“Pawnee Rangers” was a weird episode for me. I very much enjoyed it, but I’m not too sure how I feel about its premise. More details after the jump.

Last week’s episode was one of the very best episodes of Parks and Recreation ever produced; it was damn near perfect. Clearly, it wasn’t likely that this week’s installment would measure up to last week’s, and it didn’t. But am I going to complain every time a very good show doesn’t reach its peak? No. That would be ridiculous.

So I did laugh less than last week. And I smiled less. And overall, I wasn’t as interested in the stories the show was telling this week. But at the end of the half-hour, I still felt as if I’d seen another solid episode of one of the best shows on television. Honestly, I can’t ask for much more. Each of the episode’s subplots worked (to varying degrees), and they all had some great moments.

Donna and Tom were a hoot this week. The two of them have such a similar attitude towards life that it’s a wonder the two of them haven’t been paired together before. Witnessing the extent of their self-indulgence, capped off with a montage of them trying various ridiculous outfits, was a lot of fun. This subplot also allowed two of Ben’s storylines – his developing bromance with Tom and his break-up with Leslie – to dovetail nicely, finally showing us how Ben really feels about the end of his relationship and giving Tom an opportunity to help his new friend out. It gives me hope that in the coming weeks, we’ll see the fallout from the break-up for Leslie as well.

Jerry and Chris had a subplot of their own, which some might describe as marginal, but it worked effectively. While Jerry is a loser, he’s at least a self-aware loser. It would have been too easy for the writers to make Jerry totally unaware of his daughter’s attractiveness, so the writers opted instead to clue Jerry in to Chris’s attraction for her. Pitting Jerry’s casual attitude towards his daughter’s love life with Chris’s insistence on being forthcoming was a stroke of comedic genius; the look on Jerry’s face when he realized that his daughter had spent the night at Chris’s place was priceless. Hopefully, Chris dating Millicent is something that continues for at least a few episodes, if only to make Jerry squirm.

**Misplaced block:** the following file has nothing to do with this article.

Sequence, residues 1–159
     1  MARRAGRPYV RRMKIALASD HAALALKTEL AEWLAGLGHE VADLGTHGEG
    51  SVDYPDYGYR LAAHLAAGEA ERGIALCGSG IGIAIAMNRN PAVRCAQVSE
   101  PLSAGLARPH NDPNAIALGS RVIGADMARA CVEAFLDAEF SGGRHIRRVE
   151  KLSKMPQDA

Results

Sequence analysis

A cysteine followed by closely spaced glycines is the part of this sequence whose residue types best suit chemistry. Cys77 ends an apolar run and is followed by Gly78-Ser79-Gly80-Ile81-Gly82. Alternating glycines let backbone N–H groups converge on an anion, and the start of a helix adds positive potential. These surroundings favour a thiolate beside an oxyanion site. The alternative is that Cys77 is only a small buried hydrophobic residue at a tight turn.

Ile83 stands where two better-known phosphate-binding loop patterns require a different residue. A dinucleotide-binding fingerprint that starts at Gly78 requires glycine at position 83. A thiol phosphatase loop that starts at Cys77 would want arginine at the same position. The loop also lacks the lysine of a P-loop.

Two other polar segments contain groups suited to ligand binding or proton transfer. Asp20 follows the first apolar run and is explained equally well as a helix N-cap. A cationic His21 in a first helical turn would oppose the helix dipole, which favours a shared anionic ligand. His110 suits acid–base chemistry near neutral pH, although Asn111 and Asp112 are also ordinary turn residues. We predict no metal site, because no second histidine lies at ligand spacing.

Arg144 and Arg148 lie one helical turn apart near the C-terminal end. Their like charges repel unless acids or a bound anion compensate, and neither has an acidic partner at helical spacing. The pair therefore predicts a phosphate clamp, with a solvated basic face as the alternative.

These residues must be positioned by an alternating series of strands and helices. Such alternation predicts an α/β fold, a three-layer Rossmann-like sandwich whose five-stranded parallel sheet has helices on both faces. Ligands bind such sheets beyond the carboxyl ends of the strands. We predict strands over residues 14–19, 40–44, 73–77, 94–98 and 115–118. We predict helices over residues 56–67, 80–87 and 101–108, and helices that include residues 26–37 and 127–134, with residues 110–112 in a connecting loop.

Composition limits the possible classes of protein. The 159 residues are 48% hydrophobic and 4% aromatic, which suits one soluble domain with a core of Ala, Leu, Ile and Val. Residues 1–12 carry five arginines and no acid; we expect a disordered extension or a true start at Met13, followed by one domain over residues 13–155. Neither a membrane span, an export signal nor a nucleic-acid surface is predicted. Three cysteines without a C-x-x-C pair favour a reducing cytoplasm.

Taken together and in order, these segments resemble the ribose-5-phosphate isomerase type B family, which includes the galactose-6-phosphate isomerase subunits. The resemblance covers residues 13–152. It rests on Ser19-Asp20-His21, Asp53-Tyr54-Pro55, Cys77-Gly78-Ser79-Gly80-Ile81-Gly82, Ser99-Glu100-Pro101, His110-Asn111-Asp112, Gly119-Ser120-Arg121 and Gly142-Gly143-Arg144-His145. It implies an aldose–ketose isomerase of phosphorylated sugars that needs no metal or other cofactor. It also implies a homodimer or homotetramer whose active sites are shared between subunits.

As for the A-plot, I enjoyed it, but with some reservations. I loved the jokes peppered throughout the story. April’s drawing of a buffalo trampling a woman and Ann’s fish trick both got a chuckle out of me, and the mini-Leslie-Knopes were a lot of fun to watch. I also appreciated that it ended sweetly, with Leslie starting an outdoors club on behalf of Ron.

What didn’t exactly work for me was how we got to that ending. I don’t mean to imply that it was unearned – far from it, in fact. But Leslie was at her most irritating here, particularly with how much she was determined to prove that her club was the best. My second problem is less tangible, but I think it’s a valid concern nonetheless. Parks and Rec tends to keep gender issues in the background, and with good reason – the show has done more for the positive portrayal of both men and women on television by simply allowing them to be people instead of pushing their male or female issues to the foreground. The show is clear to demonstrate, for instance, that Leslie is special not because she’s a woman, but because she’s Leslie Knope, damn it, waffle lover and hyper-competent bureaucrat extraordinaire.

For that reason, I was a little put off by the concept of having a boy-scouts/girl-scouts rivalry as the basis for the episode. Now, to the show’s credit, the rivalry wasn’t the focus of the episode; the story never blossomed into a full-on battle of the sexes. That’s for the better, because this show simply isn’t equipped to pull off a battle-of-the-sexes episode; Parks and Recreation isn’t that kind of show, nor should it aspire to be. But it led me to wonder if the setup of dividing by gender was even necessary in the place. Why couldn’t Ron and Leslie simply lead mixed-gender rival scout troops? If anything, the resolution to the story, as it played out, seemed to be a sort of meta-commentary: “Gender doesn’t really matter on this show.” If that’s true, then why bother framing the story in terms of gender in the first place? I’m not sure anything was gained from it, aside from a mildly amusing scene featuring a bunch of little boys (and Andy, who is just a little boy at heart) making a womanly roar.

Awkward gender politics aside, though, “Pawnee Rangers” was a really fun episode of Parks and Recreation. If anything, I’ve devoted too large a proportion of this write-up with complaints. As I’ve stated in so many reviews of this show, making giant lists of jokes is pointless; you can just watch the episode for yourself and laugh at whatever makes you laugh. “Pawnee Rangers” was solid, and like I said, I can’t ask for much more.